Editor-Turned-Author Jenny Jackson on the Other Side of the Editorial Process
In Conversation with Maris Kreizman on The Maris Review Podcast
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On micro-generations and generational wealth:
JJ: One of the things that I’m really interested in is how our micro-generations shape how we act. In this family, the parents are definitely the most repressed. And then the people my age— the geriatric millennials on the cusp of Gen X—are purposefully oblivious when it suits them. And then the youngest generation, so Georgiana, who is like the youngest millennial-slash-Gen-Zer, she’s the one who is the most in touch with her feelings, the one who has the first moral reckoning and kind of drags everyone with her.
And so I, on purpose, made this ten-year age gap between her and her older siblings. You should have seen me sitting there with a pen and paper being like, okay, she was born in this year. All right, so it was an accidental baby late in the marriage.
But I wanted to do that because I feel like I grew up with this really unexamined relationship with money. I grew up watching 90210 and Lifestyles of the Rich and Famous and MTV Cribs and Clueless. And I thought, my relationship with money was literally like, oh, money seems cool. I would like to make some.
And then you look at the people who are now in their mid-late twenties and they grew up watching Occupy Wall Street, and they grew up voting for Bernie and supporting AOC, and they grew up witnessing the income gap getting larger and larger to a point where it’s completely unsustainable. And so they have developed a much more active and questioning relationship with money. They are the ones who are saying, hey, inherited wealth is not just, and we can’t continue this way.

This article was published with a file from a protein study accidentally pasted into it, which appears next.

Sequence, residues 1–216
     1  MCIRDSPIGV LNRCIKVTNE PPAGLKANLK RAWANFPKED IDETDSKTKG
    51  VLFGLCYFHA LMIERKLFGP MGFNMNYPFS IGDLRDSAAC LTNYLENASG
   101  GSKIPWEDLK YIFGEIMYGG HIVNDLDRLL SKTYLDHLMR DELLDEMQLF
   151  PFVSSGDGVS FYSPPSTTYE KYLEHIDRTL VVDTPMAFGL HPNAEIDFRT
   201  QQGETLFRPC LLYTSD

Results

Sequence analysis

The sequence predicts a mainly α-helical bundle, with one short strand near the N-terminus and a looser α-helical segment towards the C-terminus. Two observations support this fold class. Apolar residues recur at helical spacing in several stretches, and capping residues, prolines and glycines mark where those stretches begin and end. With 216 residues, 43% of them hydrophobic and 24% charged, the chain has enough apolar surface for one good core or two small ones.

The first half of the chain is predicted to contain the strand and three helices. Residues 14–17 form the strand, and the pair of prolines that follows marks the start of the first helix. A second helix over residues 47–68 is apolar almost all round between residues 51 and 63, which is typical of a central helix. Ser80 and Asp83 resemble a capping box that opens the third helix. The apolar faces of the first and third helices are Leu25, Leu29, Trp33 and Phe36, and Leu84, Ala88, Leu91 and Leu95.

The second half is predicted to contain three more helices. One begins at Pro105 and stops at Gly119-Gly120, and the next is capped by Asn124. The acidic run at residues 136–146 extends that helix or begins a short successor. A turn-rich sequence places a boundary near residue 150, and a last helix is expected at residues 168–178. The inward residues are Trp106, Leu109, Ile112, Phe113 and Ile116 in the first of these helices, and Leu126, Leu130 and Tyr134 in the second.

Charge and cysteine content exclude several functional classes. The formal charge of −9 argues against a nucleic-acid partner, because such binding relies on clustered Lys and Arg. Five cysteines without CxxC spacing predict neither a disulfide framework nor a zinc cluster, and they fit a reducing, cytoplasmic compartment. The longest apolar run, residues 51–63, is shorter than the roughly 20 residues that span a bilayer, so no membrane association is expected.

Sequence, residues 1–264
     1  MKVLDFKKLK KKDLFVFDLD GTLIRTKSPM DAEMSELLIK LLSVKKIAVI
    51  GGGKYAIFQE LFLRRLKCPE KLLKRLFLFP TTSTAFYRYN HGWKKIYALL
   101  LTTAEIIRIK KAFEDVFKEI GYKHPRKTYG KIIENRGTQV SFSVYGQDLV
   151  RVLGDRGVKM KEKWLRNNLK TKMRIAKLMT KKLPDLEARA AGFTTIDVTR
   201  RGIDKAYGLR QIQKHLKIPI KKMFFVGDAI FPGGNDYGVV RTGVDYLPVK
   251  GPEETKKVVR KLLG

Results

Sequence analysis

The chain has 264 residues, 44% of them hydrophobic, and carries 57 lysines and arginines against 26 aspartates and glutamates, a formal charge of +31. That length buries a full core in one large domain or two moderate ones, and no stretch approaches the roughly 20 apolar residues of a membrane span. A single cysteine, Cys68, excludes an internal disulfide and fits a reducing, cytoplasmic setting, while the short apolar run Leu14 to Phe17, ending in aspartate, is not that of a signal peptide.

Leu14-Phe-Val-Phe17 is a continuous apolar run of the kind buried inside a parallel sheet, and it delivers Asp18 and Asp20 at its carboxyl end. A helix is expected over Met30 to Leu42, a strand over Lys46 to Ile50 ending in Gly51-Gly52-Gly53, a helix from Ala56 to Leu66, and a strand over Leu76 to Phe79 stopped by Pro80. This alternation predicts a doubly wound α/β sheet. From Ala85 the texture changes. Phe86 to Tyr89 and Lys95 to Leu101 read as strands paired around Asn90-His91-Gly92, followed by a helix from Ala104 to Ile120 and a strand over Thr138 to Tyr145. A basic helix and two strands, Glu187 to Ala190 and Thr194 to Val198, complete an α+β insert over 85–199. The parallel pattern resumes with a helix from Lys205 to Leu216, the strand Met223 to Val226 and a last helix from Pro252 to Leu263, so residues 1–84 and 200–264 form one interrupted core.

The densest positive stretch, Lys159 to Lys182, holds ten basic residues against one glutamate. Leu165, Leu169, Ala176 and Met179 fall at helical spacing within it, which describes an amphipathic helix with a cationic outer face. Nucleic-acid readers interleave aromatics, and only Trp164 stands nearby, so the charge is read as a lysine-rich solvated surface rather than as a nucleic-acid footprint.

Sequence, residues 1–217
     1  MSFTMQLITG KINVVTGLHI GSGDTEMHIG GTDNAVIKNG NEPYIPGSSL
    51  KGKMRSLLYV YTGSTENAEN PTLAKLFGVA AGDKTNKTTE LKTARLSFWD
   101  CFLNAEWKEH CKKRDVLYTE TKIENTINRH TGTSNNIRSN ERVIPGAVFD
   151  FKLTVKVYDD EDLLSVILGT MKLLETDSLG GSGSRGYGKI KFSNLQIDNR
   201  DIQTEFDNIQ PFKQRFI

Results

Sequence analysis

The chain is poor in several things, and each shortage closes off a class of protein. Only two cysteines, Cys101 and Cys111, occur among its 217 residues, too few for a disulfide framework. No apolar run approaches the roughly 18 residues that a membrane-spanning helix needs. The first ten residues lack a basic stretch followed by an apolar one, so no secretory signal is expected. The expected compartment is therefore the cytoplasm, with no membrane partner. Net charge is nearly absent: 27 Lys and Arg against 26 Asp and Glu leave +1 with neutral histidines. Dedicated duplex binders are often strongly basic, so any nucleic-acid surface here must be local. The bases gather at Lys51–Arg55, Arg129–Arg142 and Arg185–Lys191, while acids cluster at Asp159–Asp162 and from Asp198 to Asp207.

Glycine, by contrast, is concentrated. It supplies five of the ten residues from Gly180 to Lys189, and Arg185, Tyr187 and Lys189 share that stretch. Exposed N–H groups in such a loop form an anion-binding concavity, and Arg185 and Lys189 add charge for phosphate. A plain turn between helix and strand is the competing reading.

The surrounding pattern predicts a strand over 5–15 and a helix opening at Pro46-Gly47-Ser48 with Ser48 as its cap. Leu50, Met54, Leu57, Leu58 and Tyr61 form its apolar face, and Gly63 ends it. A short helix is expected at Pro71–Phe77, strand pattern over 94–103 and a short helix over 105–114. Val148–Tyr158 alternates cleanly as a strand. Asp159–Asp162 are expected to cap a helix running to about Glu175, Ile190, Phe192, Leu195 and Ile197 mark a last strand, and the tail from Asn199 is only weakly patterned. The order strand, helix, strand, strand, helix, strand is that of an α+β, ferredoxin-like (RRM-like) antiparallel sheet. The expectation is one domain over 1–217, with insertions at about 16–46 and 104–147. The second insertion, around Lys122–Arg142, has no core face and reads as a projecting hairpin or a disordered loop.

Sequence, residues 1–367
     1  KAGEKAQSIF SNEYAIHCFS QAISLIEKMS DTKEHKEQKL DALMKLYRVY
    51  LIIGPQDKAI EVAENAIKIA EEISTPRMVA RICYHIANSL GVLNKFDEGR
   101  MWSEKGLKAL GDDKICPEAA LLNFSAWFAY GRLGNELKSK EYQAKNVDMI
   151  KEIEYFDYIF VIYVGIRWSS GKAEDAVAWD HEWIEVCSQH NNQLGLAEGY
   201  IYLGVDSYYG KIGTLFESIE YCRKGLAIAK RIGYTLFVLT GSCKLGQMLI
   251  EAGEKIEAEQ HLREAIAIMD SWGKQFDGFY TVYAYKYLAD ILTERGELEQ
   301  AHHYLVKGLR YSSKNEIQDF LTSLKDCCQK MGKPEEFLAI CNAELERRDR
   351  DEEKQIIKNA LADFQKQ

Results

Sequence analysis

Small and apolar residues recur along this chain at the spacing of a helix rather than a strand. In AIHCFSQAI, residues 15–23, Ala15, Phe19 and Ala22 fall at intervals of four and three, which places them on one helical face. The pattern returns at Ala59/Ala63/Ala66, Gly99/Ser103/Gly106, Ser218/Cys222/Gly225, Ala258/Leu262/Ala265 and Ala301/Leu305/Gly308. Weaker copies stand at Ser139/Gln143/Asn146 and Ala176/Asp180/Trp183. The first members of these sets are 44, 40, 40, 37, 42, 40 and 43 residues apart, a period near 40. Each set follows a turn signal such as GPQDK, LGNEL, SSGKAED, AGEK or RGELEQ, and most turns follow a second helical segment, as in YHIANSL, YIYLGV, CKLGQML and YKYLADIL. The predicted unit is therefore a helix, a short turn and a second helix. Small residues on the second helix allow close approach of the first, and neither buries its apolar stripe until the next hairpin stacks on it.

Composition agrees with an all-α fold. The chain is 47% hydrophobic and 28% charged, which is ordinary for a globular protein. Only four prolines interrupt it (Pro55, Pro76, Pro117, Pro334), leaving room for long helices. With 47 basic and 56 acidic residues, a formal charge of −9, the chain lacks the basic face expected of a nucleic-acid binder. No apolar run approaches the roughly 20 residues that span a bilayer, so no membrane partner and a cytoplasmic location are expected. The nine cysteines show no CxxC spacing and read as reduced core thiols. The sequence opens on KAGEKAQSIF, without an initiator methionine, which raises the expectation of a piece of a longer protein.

I remember as a kid, people would be like, oh, him, he’s independently wealthy. Now I look back and I’m like, what did I think independently wealthy meant? Like, oh, you just have it? Just like a suitcase of money appeared one day? No. It was given to you by your parents and your grandparents and your great-grandparents. This is generational wealth. Nobody’s independently wealthy.
On being on the other side of the editorial process:
MK: Tell me a little bit about the editing process. What, if anything, felt familiar to you as an author?
JJ: It’s so hilarious because I genuinely, genuinely believed that I was gonna be different. I genuinely was like, well, I’ve edited 20 books and I know that criticism is just about the work. It’s not personal. Good thing I have thick skin and I’m above all of it. Ha ha ha ha.
What happens sometimes, and I’ve been on the editor side of this, when you have multiple editors working together [Jenny’s editors in the US, UK, and Canada], you end up with a monster editorial letter. It landed in my inbox at 18 pages. So I printed it out, I skimmed it once, I put it down, and I didn’t look at it for two weeks. I was so troubled.
I was like, well, it’s awkward that I can’t do any of these things they want me to. It’s just not gonna happen. I felt so intimidated. And also like, if you didn’t like the book, why did you buy it? I felt crazy about it. And then also, it’s so funny because I know when I’m editing, I’m always putting “haha” or “Love this” or I put hearts in the margins. Not on Cormac [McCarthy], but other authors. I was like, I know that’s important, but it is pathetic how much their little “haha,” “love this” notes meant to me as I went on. Because you really lose any sense of whether what you did is good or not.
And so just having those little things in there when you know every other line, they’re saying like, this joke doesn’t work. I don’t believe this character. Why do you have this section here? It’s much easier to write a book in rotating third person point of view than it is to edit structurally. Because every time you move something, it throws off who knows what in other chapters. I felt like it was a Rubik’s Cube.
Jenny Jackson is a vice president and executive editor at Alfred A. Knopf. A graduate of Williams College and the Columbia Publishing Course, she lives in Brooklyn Heights with her family. Pineapple Street is her first novel.